Saturday, September 30, 2006

Ridgewood Wrap-Up


Bob Mackey Repeats As CBS Tournament Champ

The partially-filled in grid was all that the Puzzle Brothers' own Bob Mackey needed to successfully defend the championship of the annual tournament benefitting the Community Blood Services Foundation in Bergen County, New Jersey.

After the first brace of puzzles, Howard Barkin was in first place, Bob just behind by a minute of solving time, and Elaine Lippman (last year's runner-up) was third. All three puzzlers struggled with the Stanley Newman-constructed puzzle. No one finished, so it came down to correct words, and Bob was declared the winner.

The other Puzzle Brother, Dave Mackey, finished tenth in his best tournament showing to date.

Barry Weprin Triumphant In CBSF B Finals

In the B division final, it was Barry Weprin's day as he cruised to a 10:05 completion time using an easier set of clues on the same grid. Rick Thompson, who had placed first going into the B finals, finished in 13:05, and Pat Whitehead, seeded second, came through with a 13:20 finishing time. Weprin is seen here accepting his trophy from New York Times crossword editor Will Shortz.

The official results will be posted Tuesday on the Community Blood Services Foundation website and will be linked to at that time. More photos will be forthcoming within the next few days.

Greetings from Ridgewood...

The second annual Community Blood Services Foundation crossword tournament is underway at the Bookends book shop in Ridgewood, about a couple of miles from last year's location, Care One at the Cupola.

We've had three pretty good puzzles so far from Adam Cohen, Patrick Merrell and Michael Shteyman. Two puzzles yet to go from Elizabeth C. Gorski and Paula Gamache, and the final puzzle will be by Stanley Newman.

We will have a much fuller report as well as unofficial results later on plus pictures sometime tonight.

Your Puzzle Brothers are doing quite well so far in the tournament.

Monday, September 25, 2006

Still Time To Join The Fun In Jersey!

Just a reminder this Friday and Saturday is the 2nd Annual Puzzle Tournament benefitting Community Blood Services Foundation. Still time to register online, but be aware that online credit card transactions aren't working so be sure to bring your cash or credit card and you can pay there.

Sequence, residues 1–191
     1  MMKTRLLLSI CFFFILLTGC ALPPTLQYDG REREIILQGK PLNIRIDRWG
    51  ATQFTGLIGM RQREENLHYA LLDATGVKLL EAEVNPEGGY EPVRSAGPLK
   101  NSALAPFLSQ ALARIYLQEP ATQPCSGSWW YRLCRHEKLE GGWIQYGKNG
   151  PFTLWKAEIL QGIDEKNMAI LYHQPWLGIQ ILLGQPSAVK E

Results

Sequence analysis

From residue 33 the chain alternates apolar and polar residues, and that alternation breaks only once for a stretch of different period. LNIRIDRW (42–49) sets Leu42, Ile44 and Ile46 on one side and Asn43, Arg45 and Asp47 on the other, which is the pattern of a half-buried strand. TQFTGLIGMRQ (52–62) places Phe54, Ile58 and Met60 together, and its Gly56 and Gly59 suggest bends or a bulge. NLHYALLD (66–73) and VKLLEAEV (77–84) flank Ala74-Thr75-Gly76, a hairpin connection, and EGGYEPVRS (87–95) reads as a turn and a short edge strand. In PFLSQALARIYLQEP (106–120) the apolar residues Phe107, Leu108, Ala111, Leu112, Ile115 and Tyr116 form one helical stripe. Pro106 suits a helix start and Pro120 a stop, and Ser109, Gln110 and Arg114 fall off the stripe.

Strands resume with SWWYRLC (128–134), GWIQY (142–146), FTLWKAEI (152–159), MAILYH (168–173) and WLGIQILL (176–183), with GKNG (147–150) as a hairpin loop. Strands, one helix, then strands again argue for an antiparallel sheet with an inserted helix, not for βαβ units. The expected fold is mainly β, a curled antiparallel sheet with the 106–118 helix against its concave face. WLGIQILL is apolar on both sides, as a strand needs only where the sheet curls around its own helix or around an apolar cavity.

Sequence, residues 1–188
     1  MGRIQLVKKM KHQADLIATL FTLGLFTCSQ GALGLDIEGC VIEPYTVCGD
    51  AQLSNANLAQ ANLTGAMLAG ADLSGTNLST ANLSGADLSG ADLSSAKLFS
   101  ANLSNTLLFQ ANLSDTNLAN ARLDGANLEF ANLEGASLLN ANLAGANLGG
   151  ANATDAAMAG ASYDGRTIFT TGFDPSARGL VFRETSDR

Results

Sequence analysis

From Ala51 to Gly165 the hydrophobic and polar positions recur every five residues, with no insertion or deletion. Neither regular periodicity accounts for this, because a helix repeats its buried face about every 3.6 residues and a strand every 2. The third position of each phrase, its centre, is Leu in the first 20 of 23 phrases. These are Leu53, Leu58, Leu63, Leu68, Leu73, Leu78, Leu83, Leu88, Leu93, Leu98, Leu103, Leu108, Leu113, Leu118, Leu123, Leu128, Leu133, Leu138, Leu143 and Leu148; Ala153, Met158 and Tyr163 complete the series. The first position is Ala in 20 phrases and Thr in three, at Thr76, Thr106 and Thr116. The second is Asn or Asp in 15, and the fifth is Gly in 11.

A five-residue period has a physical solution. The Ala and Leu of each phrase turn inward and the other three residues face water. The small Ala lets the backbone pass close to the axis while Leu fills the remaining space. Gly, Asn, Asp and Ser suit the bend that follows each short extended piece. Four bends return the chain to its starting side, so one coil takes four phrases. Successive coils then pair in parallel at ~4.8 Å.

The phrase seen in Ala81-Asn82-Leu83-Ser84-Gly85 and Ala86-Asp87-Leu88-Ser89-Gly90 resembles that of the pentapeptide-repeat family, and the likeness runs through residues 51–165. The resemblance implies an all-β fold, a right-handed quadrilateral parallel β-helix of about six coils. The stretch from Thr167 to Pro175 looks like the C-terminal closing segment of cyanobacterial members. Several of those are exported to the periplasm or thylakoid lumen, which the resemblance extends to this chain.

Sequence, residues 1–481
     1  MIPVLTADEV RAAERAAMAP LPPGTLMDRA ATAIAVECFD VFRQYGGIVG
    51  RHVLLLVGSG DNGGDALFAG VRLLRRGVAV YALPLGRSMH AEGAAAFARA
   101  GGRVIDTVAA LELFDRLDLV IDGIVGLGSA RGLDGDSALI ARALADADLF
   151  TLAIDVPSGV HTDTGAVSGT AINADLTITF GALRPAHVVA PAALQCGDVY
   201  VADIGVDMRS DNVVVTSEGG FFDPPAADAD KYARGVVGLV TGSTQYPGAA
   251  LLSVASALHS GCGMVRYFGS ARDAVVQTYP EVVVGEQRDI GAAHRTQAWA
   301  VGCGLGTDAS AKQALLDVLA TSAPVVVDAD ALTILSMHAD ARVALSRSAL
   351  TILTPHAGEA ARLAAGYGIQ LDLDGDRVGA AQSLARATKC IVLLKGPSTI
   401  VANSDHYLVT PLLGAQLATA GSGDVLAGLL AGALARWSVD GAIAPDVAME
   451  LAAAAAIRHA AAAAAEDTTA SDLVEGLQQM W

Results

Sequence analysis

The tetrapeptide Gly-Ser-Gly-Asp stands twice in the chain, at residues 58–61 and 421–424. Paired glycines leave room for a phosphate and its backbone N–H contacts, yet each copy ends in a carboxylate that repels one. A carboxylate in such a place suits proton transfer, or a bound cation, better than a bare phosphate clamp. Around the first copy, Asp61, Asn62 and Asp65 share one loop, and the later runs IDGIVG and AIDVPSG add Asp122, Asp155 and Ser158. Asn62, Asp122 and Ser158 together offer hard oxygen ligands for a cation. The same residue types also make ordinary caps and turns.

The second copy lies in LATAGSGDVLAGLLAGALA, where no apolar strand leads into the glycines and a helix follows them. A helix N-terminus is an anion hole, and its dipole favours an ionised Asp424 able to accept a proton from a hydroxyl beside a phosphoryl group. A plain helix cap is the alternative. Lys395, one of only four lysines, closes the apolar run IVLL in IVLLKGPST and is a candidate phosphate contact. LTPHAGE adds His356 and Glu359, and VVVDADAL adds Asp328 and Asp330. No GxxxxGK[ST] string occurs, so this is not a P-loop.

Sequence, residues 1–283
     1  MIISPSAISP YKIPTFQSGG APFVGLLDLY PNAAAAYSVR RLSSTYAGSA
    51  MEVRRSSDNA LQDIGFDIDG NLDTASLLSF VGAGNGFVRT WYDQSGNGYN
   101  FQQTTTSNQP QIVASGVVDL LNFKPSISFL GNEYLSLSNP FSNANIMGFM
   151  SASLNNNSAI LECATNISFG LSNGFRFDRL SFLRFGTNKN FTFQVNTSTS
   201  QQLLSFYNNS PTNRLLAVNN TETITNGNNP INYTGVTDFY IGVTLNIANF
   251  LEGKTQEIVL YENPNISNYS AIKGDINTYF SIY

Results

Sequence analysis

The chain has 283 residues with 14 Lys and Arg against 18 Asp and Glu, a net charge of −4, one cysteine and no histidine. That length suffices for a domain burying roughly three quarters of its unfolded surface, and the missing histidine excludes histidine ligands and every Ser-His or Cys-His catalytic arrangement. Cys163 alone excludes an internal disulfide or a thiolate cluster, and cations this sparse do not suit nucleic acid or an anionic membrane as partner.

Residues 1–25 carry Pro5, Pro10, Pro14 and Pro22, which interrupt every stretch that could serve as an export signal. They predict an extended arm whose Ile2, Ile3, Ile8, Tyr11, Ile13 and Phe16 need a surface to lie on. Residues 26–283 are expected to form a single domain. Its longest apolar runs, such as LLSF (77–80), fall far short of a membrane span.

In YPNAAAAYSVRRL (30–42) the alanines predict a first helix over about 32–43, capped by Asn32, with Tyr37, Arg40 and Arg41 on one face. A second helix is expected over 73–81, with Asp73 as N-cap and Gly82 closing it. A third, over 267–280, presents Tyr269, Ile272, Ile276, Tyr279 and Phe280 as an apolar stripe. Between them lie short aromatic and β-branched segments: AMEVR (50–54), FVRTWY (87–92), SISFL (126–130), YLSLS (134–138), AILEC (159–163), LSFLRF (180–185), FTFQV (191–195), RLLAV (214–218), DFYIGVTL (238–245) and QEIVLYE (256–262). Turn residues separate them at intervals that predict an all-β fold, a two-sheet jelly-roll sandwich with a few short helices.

The tournament will be held this year at Bookends, on 232 E. Ridgewood Avenue in Ridgewood, NJ. The Friday night Sudoku festivities get underway at 7:00 p.m., and registration for the Crossword tournament begins at 8:30 a.m. the next morning.

Your donation will help Community Blood Services save lives by enabling collection of blood products, processing of bone marrow donors, and collection of umbilical cord blood that can help save the lives of people with leukemia and lymphoma.

Look for both Puzzle Brothers to be on hand, and hopefully we will have our trademarked "almost live" reportage in words and pictures you all so enjoyed at Stamford.

Saturday, September 16, 2006

Saturday Morning Confusion served up by Robert

Here, then, is the September 16 offering from the Los Angeles Times, authored by Robert.

LA Times Puzzle for today

Of course, if you click on the link after September 16, it won't be there. However, members of the Cruciverb website are entitled to a copy of the .PUZ file. Either way, enjoy it.

I test solved this puppy when Robert submitted it, and even with Rich Norris' enhanced clueset it still took me a tick over eight minutes.

Thursday, September 14, 2006

Double Dave

Now out on the newsstands are the November 2006 issues of Games and Games World of Puzzles. Dave Mackey contributes a puzzle in each magazine: Games features "Child of Mine" and GWOP contains "The AP Wire".

In addition, GWOP features its annual Puzzle Book Roundup, as it compiles a sampler of puzzles from the season's new puzzle books. Featured are puzzles from Trip Payne's new effort for Sterling, "Pop Culture Crosswords", which I picked up a week ago and have found hugely entertaining, as well as entries from Emily Cox and Henry Rathvon (a cryptic) and Frank Longo (a themeless).